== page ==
Aldi, the German limited discounter, has ambitious expansion plans—the retailer expects to add more than 900 stores in the U.S. for a total of 2,500 by 2022. A new study by market research firm IRI is helping retailers and manufacturers understand what to expect and how to prepare for the Aldi expansion.
In the next few years, Aldi could become the third largest grocery store by count, according to the Market Shift Study. The study, which included 700 consumers who had shopped at Aldi, left researchers with highly satisfied shoppers, said Fernando Salido, EVP of shopper analytics consumer and shopper marketing solutions at IRI. Eighty percent of shoppers were extremely or very satisfied with their experience, and 84% said they’d be back and intended to switch more of their shopping to ALDI.
“They’re quite a force,” said Salido.
Customers surveyed told IRI things like: “I trust the quality of the products they sell, and they are usually cheaper than other stores,” and, “The prices brought me, and I found things I liked and stock up on those things when go.”
Clearly, value was important for these consumers.
Aldi’s recent expansion is part of the appeal to customers, too. Forty percent of first-time shoppers surveyed said they wanted to experience a new store.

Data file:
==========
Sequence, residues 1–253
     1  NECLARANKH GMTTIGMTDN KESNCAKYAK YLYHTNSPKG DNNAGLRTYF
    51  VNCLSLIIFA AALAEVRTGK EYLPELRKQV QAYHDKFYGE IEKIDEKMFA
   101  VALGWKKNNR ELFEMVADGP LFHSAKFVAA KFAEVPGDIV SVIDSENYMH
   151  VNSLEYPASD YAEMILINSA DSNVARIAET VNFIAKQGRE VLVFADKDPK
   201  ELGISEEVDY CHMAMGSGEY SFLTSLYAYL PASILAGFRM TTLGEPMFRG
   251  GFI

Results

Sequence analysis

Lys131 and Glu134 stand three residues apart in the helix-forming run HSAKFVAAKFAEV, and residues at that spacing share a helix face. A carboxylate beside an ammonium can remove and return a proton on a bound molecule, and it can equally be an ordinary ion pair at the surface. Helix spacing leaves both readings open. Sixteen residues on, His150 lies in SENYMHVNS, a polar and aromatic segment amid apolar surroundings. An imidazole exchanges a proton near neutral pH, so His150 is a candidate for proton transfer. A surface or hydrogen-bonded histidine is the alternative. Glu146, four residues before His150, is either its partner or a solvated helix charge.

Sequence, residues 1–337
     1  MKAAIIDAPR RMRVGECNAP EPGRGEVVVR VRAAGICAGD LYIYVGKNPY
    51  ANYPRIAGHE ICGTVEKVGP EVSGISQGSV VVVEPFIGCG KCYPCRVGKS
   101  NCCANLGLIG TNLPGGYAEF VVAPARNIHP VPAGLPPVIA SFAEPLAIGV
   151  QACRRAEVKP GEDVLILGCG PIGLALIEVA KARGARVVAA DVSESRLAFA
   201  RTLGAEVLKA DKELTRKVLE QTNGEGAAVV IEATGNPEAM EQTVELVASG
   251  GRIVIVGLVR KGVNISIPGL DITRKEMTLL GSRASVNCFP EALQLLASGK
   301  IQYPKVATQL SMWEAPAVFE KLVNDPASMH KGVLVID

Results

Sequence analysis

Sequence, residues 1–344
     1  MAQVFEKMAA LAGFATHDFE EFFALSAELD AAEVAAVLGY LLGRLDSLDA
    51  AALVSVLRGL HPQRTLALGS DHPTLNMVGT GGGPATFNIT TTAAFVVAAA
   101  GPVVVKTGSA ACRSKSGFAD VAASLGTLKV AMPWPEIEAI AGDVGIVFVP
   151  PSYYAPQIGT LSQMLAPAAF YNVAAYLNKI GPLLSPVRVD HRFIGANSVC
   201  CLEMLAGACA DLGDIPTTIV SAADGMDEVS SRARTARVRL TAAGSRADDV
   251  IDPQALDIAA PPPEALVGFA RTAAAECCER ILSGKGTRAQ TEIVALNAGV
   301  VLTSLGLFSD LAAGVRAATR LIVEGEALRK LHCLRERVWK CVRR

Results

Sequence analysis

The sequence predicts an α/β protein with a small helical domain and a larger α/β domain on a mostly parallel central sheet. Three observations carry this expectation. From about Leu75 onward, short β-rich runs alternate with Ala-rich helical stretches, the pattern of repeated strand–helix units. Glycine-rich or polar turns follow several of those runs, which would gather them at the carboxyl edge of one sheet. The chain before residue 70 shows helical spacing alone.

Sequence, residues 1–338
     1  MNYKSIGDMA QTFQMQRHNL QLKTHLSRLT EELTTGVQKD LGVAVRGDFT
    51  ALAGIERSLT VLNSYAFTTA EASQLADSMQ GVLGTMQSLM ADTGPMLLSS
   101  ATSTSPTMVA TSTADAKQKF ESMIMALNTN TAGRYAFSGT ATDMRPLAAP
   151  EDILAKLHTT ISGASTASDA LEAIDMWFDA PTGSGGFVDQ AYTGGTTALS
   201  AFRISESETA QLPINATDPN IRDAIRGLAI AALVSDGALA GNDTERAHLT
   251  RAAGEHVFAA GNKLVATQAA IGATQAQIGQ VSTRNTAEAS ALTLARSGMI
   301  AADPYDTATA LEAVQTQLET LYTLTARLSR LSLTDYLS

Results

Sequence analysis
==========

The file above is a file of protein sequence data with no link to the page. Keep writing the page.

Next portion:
Retailers are reacting to Aldi by lowering prices when the discounter opens nearby, Salido said. He also suggests targeting the areas where customers are dissatisfied with Aldi. The IRI study found that customers disliked the long checkout lines, limited product variety, low product stock, and the quality and freshness of the fresh goods. These complaints were minimal, however, added Salido.
Recently, Aldi has taken steps to modernize its stores, add more selection and more fresh products, such as an in-store bakery in an Illinois store.
In order for retailers to compete, they need to position themselves as offering great value and as a one-stop shop with the variety and assortment Aldi doesn’t offer, said Salido. Traditional retailers can also compete with Aldi on convenience, he said. Short lines and self-checkout services can draw people in. Traditional retailers also offer familiar domestic brands, which may appeal to some customers. Aldi, on the other hand, sells mostly private labels or foreign brands.
Club stores may soon face competition from Aldi, too, said Salido. On a recent visit, he saw a customer with two carts, one for work and one loaded with cartons of milk to supply the customer’s coffee shop, he said: “What would have been a natural club purchase, where you buy and bulk and are supposed to get that great deal, she was instead buying at Aldi.”
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